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Meaningless to Whom, Exactly?

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An artist is someone who sees something that others don’t. And then makes that thing visible, in their work, for others to see.

What the artist sees is something that did not exist before it was observed by the artist. William S. Burroughs seems to equate existence with visibility. Ignore your enemies out of existence, he says, putting great emphasis on the power of the human mind to shape its own reality. Burroughs believes in ESP, witchcraft, Scientology … Whatever you think of these things, it’s impossible to truly grasp Burroughs’s approach to writing without acknowledging his deep and literal belief in the truth of many paranormal claims.

You have to take him literally: he found meaning in his dreams. But looking around it seemed to him that not many people were capable of doing the same. “Dreams mean nothing,” they say. To which Burroughs replies: “Meaningless to whom, exactly?” And he points out that he has made a living finding meaning in his dreams.

If science believes it has proven our night-time dreams to be meaningless, it also believes it has proven the daydreams of paranormal enthusiasts to be false. But, like dreams, the realm of the paranormal was a great source of inspiration for Burroughs. Would it have been better if he had listened to reason and abandoned his study of magic and UFOs? But in that case Burroughs the writer would have become a very different animal.

If the question of meaning – of what is meaningful and what is not – is decided for us in advance, then the notion of a personal quest for meaning itself becomes meaningless. And who knows by what paths you will come to the greatest understanding of yourself? While it is certainly a sign of progress that scientific method can be applied to determine the truth or falsity of any given claim, it’s worth remembering that truth and meaning are not the same thing. It’s suspension of disbelief that allows you to find meaning in what is fantastical, and by noticing where you find meaning – what stories inspire you, and what dreams nourish you – you might also find a great new truth about yourself.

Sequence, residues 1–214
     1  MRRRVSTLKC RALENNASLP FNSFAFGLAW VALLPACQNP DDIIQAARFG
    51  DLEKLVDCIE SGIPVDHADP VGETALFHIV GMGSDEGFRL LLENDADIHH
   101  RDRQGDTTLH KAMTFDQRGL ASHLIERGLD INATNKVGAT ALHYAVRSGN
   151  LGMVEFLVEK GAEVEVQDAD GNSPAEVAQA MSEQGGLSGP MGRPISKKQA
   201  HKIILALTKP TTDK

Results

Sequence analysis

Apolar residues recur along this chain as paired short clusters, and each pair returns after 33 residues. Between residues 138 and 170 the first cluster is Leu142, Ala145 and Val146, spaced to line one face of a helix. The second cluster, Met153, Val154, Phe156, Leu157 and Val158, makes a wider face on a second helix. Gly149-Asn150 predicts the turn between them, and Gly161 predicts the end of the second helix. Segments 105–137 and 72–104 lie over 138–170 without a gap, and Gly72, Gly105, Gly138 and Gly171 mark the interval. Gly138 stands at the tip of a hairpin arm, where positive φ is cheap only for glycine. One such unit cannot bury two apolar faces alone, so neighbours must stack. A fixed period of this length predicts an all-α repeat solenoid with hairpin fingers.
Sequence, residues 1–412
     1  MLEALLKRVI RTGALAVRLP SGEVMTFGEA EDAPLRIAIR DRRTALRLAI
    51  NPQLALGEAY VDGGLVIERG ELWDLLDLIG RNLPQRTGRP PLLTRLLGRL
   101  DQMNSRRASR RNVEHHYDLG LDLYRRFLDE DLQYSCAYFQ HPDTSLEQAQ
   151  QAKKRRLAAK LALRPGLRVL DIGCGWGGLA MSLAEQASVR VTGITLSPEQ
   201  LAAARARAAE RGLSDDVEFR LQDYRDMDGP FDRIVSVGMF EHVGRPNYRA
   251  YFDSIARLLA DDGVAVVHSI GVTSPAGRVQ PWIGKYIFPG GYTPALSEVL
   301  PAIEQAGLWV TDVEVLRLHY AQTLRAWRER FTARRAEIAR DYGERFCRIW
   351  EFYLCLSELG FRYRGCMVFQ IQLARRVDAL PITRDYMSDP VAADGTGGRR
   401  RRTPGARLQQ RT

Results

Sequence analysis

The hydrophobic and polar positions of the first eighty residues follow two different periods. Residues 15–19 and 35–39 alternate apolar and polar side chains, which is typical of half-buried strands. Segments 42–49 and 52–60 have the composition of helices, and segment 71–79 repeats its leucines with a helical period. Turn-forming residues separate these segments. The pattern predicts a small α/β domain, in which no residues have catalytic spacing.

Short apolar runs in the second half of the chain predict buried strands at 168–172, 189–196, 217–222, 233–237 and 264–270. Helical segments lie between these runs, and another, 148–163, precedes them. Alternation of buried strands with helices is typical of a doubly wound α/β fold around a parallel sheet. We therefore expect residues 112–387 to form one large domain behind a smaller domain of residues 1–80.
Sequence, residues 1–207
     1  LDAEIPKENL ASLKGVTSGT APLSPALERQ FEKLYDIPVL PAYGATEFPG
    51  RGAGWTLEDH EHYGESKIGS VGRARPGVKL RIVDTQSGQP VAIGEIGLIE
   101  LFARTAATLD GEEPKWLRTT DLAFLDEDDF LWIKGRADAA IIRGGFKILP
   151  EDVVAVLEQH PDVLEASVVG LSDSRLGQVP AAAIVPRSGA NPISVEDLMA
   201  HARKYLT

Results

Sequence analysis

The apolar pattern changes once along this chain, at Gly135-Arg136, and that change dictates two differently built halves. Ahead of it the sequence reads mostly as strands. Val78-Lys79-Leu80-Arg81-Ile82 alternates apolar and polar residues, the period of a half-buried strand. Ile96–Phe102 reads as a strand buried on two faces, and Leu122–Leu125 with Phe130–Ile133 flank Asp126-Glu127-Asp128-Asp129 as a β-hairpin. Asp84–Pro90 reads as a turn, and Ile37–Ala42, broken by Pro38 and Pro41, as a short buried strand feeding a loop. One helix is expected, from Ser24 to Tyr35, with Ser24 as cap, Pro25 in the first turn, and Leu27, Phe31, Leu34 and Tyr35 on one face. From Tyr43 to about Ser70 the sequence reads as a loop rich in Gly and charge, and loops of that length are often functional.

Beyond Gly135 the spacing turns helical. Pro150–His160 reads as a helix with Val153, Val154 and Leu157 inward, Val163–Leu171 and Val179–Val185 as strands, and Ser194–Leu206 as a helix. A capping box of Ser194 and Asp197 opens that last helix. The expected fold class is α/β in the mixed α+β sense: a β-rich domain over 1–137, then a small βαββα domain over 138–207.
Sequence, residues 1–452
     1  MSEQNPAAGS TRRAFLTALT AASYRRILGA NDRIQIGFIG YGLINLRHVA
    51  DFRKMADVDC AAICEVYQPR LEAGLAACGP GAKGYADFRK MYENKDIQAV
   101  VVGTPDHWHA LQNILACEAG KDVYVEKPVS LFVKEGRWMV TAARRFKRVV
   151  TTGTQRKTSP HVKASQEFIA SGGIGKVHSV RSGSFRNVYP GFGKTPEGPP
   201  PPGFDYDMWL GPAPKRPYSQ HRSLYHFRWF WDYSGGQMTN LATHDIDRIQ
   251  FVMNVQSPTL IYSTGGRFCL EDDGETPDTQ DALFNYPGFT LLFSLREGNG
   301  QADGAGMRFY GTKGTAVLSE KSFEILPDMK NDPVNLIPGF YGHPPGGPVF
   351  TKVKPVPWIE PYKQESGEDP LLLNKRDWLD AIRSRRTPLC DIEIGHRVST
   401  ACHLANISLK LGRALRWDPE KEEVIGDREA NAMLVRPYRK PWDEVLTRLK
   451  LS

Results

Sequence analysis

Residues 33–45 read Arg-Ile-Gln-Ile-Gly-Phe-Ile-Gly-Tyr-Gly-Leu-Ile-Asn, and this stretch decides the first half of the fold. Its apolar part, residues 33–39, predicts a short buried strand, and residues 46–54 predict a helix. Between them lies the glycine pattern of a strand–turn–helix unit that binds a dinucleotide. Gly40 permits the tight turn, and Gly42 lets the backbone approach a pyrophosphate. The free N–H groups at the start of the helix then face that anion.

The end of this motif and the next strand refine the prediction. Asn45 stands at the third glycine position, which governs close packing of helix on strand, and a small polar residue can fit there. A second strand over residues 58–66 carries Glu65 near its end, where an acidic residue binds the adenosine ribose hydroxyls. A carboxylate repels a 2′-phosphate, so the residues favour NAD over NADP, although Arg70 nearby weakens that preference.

(I’ve been reading My Education by William S. Burroughs.)

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“ … It was always said of him that he knew how to keep Christmas well, if any man alive possessed the knowledge.”

Christmas would also be a serious time, for Scrooge. He would remember that night of his sudden change of heart. By his nature, he had never been forgetful – always remembering every debt, and slight, and perceived stupidity in others. And what is deepest in him, the tenacity that defines him, remains unchanged. Only now he holds on to only what is important for the spirit, and lets the rest go. The lessons he learned on that long night: those he must keep. His own debts and faults: he must remember those, and learn from them. And, most of all, he remembers to laugh at his old self, in his newfound lightness of spirit.

Almost imperceptibly – you’ll see it in his twinkling eyes if you look closely – he becomes sober and thoughtful as advent approaches. He is thinking about past Christmases. He is thinking about what might have been. He has seen the horror of an alternate future narrowly averted.